From 1 October 2021, the restrictions on issuing winding-up petitions based on statutory demand will be lifted, allowing Landlords to use statutory demand as a way of initiating wind-up petitions. However, the trade-off is that there are new conditions that must be met before a Landlord can start a winding-up petition.

These new conditions are:

  1. The debt is for a liquidated amount which has fallen due for payment and is not an “excluded debt” (i.e. rent due under a lease “which is unpaid by reason of a financial effect of coronavirus”)..

  2. The debt (or total debts) must be £10,000 or more.

  3. A Landlord must serve a written notice to the debtor (a Schedule 10 Notice) seeking that the Debtor to make proposals for payment of the debt. This Notice must contain certain prescribed information. A Landlord can apply to the court to have this condition waived.

  4. The Debtor must make a payment proposal to the Creditor’s satisfaction within 21 days of the Notice. If the payment proposal is not to the Creditor’s satisfaction, then a winding-up petition may be brought. A Landlord can apply to the court to have this condition waived or the 21 day period shortened.

Creditors can rely on a Debtor’s non-payment of a statutory demands to evidence the latter’s inability to pay their debts.

Summary Diligence

There are also procedures in Scotland which are separate from England. Summary diligence applies where the lease is registered in the Books of Council and Session. In these circumstances a Landlord can instruct Sheriff Officers to:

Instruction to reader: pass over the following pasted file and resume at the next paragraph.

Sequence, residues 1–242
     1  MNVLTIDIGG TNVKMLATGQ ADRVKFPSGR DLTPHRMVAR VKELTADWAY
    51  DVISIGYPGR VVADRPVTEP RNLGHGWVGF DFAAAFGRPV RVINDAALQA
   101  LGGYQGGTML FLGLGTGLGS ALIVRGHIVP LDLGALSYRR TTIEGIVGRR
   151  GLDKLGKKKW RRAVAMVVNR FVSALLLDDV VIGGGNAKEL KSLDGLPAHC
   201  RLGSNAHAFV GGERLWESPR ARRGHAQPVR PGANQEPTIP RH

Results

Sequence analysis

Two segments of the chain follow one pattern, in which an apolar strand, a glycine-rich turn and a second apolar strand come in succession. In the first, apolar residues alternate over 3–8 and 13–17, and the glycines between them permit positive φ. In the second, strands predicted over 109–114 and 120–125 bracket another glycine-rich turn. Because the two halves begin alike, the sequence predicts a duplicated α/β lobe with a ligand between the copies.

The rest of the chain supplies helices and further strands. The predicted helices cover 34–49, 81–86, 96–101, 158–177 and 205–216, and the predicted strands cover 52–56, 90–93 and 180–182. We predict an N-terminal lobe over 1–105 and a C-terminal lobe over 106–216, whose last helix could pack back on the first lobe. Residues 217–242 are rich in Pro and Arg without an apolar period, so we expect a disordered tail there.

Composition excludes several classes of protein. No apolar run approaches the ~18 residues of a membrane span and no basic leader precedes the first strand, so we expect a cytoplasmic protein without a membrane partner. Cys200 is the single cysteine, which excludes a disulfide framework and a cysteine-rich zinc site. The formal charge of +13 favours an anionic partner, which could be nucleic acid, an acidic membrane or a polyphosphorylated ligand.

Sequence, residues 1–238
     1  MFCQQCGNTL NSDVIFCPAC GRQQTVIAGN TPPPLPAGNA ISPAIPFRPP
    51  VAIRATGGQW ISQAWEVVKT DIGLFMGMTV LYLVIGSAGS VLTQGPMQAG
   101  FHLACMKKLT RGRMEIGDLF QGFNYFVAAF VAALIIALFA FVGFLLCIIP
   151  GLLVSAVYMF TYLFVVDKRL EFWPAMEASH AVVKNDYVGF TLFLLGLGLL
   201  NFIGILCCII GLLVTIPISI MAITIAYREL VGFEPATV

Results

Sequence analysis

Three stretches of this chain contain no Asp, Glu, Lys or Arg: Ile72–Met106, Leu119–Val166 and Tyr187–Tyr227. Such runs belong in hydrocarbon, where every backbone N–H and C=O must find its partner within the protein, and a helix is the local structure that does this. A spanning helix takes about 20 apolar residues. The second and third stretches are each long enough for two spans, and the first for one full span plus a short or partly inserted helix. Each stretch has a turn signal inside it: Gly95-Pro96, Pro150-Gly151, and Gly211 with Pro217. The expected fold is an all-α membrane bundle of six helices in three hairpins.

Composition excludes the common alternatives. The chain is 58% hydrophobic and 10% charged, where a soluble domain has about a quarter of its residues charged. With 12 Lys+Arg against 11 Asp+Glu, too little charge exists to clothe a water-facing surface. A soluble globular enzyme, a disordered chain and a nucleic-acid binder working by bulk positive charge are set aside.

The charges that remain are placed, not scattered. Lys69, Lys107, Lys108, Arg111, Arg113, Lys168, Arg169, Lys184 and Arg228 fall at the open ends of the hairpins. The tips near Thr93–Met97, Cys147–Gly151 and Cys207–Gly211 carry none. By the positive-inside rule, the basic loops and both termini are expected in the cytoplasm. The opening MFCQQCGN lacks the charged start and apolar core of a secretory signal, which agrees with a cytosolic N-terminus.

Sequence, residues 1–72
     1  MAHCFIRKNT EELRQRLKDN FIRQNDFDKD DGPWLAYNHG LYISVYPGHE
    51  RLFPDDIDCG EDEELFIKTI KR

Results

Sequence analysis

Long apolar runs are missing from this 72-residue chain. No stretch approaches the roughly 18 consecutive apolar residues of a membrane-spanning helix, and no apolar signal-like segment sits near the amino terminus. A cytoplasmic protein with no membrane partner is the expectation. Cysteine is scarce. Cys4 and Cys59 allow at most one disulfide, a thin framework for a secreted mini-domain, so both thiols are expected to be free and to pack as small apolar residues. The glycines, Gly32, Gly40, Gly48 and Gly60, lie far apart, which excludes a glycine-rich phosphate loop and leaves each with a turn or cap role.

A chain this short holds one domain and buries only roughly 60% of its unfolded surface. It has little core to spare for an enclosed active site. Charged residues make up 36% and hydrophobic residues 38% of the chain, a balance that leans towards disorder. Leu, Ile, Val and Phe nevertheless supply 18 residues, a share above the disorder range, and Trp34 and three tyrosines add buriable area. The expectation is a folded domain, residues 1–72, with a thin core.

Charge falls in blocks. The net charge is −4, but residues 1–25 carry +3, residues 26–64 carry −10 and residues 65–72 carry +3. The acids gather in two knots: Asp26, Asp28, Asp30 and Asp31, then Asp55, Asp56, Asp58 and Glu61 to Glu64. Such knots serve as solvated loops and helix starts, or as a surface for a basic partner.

1. Serve of a charge for payment. This is a formal demand for payment. If payment is not made within 14 days, the expired charge can be used as a basis for:

    1. Attachment - seizing of movable property belonging to the Tenant to be auctioned to clear the debts if payment is not made; or

    2. Winding Up Petition – however, as mentioned above, winding up petitions have been temporarily suspended if the company is in financial difficulties due to COVID.

  2. Serve an Arrestment for freezing of bank accounts or debts owed to the Tenant by other parties.


Irritancy (known as forfeiture in England) is another remedy available to the Landlord in Scotland. There is currently a ban on forfeiture in England, but this remedy is still available in Scotland.

In order to irritate the lease, the Landlord must issue a pre-irritancy warning notice on a Tenant followed by a termination notice 14 weeks later. Ordinarily, the notice period would be 14 days, but this has been extended to 14 weeks due to the pandemic.

The 14-week extension to the notice period has recently been extended to 31 March 2022.  These extended provisions will, however, be subject to bi-monthly reviews over the next 6 months. Notably, the Coronavirus (Extension and Expiry) (Scotland) Act 2021 Act also permits a further extension to September 2022.

Court Proceedings

Finally, it is of course possible to raise court proceedings against the Tenant for any outstanding arrears. The Landlord would then have to comply with relevant court rules. There are currently no restrictions against raising proceedings, but it can be expensive and time consuming.


Overall, whilst the COVID measures do limit the remedies across the UK, it is important to note that the summary diligence and irritancy are available remedies in Scotland. There is uncertainty as to how long the COVID measures will be in place, but it is important for Landlords and Tenants to engage with each other at an early stage to avoid the arrears accruing even further.

Please get in touch if you would like advice on the best options before taking action.